Saturday, June 02, 2007

Mary Wortley Montagu: Life on the Golden Horn

Mr Bani picked this up in Pareeeee no less. Lucky fella. It's a slim little volume containing a selection of the letters she wrote to friends and family from Constantinople (also from the journey there and thence). Her husband had been stationed there as ambassador - a post that lasted only a year, but Lady Mary made full use of her time there. She learnt Turkish, often went about the town in Turkish dress (in other words a full veil, a very useful disguise), and seems to have taken pleasure in being able to refute the more fanciful ideas of the country that had been spread by more inventive travel writers.
Your whole letter is full of mistakes from one end to the other. I see you have taken your ideas of Turkey from that worthy author Dumont, who has writ with equal ignorance and confidence. 'Tis a particular pleasure to me here to read the voyages to the Levant [...] so full of absurdities I am very well diverted with them. They never fail to give you an account of the women, which 'tis certain they never saw, and talking very wisely of the genius of men, into whose company they are never admitted, and very often describe mosques which they dare not peep into.

I looked Lady Mary up on Wikipedia, and she seems to have been a very colourful personality. This certainly is apparent in her letters anyway. They are in turns descriptive, intelligent, scathing and pensive. She writes of fashion to her sister:
I saw the other day a gala for Count Althann, the Emperor's favourite, and never in my life saw so many fine clothes ill-fancied [...] provided they can make their clothes expensive enough that is all the taste they show in them.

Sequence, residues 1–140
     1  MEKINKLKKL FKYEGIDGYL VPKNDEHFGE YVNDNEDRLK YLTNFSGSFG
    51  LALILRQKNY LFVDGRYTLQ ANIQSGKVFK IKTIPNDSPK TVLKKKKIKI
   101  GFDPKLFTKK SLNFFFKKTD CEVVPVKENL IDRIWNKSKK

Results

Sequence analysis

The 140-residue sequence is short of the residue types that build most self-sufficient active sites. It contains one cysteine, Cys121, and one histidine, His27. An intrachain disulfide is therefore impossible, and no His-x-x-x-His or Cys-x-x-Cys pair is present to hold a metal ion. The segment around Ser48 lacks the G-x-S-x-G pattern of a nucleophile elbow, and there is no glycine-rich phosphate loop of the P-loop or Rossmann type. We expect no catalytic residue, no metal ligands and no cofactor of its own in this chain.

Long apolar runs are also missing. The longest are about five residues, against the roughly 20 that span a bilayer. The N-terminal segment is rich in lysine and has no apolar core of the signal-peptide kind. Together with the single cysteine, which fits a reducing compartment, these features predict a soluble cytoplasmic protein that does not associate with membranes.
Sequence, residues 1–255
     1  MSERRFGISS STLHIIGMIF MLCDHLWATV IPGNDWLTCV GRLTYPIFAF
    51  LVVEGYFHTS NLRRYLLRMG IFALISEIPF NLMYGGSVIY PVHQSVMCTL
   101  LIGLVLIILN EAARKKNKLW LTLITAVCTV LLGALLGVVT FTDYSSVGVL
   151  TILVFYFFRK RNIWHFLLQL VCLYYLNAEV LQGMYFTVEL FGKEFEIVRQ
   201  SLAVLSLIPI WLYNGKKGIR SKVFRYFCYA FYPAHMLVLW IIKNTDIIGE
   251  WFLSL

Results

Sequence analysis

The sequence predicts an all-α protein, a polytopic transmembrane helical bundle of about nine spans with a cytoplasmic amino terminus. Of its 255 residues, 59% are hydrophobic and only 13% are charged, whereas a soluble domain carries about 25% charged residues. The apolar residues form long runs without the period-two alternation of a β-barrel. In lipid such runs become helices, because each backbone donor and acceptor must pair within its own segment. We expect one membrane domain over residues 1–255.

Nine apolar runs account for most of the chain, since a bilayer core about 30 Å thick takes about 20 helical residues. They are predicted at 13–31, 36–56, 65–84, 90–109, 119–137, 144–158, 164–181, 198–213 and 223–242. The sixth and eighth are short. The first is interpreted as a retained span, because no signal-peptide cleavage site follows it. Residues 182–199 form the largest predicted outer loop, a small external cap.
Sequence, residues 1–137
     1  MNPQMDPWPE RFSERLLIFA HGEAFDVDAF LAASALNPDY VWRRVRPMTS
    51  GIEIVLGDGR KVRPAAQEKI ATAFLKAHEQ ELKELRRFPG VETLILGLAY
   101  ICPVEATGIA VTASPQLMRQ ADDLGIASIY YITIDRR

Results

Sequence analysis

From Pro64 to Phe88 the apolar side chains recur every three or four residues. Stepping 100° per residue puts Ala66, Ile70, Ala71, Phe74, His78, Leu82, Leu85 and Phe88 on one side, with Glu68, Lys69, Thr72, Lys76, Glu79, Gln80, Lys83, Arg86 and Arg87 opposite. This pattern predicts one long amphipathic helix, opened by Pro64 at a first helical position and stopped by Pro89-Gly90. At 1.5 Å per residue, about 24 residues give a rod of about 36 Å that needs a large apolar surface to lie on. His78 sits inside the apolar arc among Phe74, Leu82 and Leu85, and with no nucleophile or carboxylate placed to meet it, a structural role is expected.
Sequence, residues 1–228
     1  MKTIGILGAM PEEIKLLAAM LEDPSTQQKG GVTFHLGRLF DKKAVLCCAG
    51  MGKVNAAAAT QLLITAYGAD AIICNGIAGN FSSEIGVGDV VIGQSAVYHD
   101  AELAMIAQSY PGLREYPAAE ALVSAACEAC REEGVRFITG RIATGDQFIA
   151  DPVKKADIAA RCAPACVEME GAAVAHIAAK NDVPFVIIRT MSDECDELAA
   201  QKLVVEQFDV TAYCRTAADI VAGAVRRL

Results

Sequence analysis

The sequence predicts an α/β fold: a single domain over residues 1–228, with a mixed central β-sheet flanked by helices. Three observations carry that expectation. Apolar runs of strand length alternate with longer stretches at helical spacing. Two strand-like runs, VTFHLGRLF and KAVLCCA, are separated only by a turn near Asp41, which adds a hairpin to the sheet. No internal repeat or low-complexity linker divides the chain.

and to Alexander Pope of the horrors of war.
[...]the field being strewed with the skulls and carcases of unburied men, horses and camels. I could not look without horror on such numbers of mangled human bodies, and reflect on the injustice of was that makes murder not only necessary but meritorious. Nothing seems to me a plainer proof of the irrationality of mankind, whatever fine claims we pretend to reason [...]

I'm really pleased to have read this little book. It was entertaining and informative - who can argue with that? While reading I mused upon the lost art of letter-writing - how I wish we could end our letters with stuff like
Upon this occasion admire the heroism in the heart of your friend etc.
instead of the dull "Your's truly".

The book is part of a Penguin series called Great Journeys, 20 books by different travel writers from Herodotos to Kapuściński. It would be great fun to read them all - to own them all! - but I shouldn't encourage my book-hoarding side.

In other news I've caught a nasty virus. My throat is sore as hell, and I am about to gargle with an infusion of sage, garlic and ginger. Let's hope I don't vomit. Again.


HB said...

"It would be great fun to read them all - to own them all! - but I shouldn't encourage my book-hoarding side."

LOL! Ellers, takk for tipset! Dette skal jeg sjekke ut:-) Har endelig fått paperback-utgaven av "The Ard of Detection" i posten også. Gleder meg til å lese!:-)

God bedring!

bani said...

Åååhhhh, trevlig läsning! Lyllos dig som har det framför dig....!